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Bassist Jeff Campbell's A Declaration of Optimism is a beautiful album with a lot to say, and manages to say it all in a very quiet way.
Beginning with the title track, Campbell's piano-less trio, also featuring tenor saxophonist John Wojciechowski = 15550}}, and drummer John Hollenbeck, establishes an intimate connection between the three instrumental voices. Appropriately, Campbell's voice is dominant, setting the tone on each track. Wojciechowski's ebullient tenor saxophone occupies the foreground, but it's always clear that Campbell is leading the way.
On "South of Las Vegas," Campbell opens with a steady, insistent pulse. Hollenbeck lays the rhythmic foundation on his cymbals, while Wojciechowski plays a mournful melody. The whole effect is beautiful and desolate, much like a stretch of desert highway in the middle of the night.
The album largely consists of Campbell's original compositions, all of which are excellent, with Wojciechowski contributing the rhythmically tricky "Duplicity," a track reminiscent of Miles Davis' 1960s quintet. The other non-original is a version of John Scofield's "Wabash III," which is based on the folk song "Washbash Cannonball." The trio's version contains a magnificent solo from Campbell, as well as some exciting interaction with Hollenbeck.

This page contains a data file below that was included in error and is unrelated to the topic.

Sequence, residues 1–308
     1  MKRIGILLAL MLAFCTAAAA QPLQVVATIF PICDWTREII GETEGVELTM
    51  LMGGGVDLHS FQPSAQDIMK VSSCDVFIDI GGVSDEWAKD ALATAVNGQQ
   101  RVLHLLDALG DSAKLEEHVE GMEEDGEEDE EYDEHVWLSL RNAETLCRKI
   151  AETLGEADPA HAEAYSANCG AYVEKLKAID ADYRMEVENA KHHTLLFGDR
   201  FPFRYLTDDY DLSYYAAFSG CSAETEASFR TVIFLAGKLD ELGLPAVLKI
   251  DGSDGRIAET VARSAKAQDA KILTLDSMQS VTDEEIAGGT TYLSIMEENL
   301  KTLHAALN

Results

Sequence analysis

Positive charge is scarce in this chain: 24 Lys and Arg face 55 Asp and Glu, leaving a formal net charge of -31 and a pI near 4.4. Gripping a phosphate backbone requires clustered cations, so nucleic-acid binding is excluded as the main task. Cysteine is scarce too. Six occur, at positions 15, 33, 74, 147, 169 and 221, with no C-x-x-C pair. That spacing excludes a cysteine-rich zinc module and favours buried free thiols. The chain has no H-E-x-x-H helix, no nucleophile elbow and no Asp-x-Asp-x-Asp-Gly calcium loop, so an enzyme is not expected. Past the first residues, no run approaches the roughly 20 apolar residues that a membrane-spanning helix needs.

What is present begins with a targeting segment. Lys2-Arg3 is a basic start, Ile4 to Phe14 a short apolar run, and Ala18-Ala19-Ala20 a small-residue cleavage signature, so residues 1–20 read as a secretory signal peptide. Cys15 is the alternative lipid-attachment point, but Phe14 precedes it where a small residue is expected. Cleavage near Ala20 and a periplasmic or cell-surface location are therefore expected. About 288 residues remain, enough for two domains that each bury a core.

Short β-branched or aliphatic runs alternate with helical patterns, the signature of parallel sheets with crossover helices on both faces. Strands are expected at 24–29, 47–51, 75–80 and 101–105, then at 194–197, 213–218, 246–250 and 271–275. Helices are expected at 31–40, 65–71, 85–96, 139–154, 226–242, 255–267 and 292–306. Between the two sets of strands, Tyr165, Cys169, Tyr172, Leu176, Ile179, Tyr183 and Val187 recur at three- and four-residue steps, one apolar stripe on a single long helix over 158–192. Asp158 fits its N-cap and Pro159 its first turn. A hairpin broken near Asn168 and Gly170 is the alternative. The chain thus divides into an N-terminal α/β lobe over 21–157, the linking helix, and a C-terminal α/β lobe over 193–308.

Each track is a quiet conversation between the three men. No one shouts because there is no need to. Every word and nuance can be easily discerned in the space created by these three extraordinary artists. A Declaration of Optimism is a splendid addition to the canon of piano-less trio albums.
Track Listing: A Declaration of Optimism; Tower of Glass; By Another Way; Gregorian; Duplicity; The Question Is; Wabash III; South of Las Vegas; Hoot Gibson.
Personnel: John Wojciechowski: tenor saxophone; Jeff Campbell: bass; John Hollenbeck: drums.
Year Released: 2009
| Record Label: Self Produced
| Style: Modern Jazz
I love jazz because anything is possible; it has few rules and the best jazz breaks those ones. I prefer free improv because it doesn't really have any rules at all.
I was first exposed to jazz in my teens (in the late sixties).
The first jazz record I bought was Filles de Kilimanjaro by Miles Davis, shortly followed by Extrapolation by John McLaughlin.
My advice to new listeners is to listen as widely as possible and not to make snap judgments--stick with it.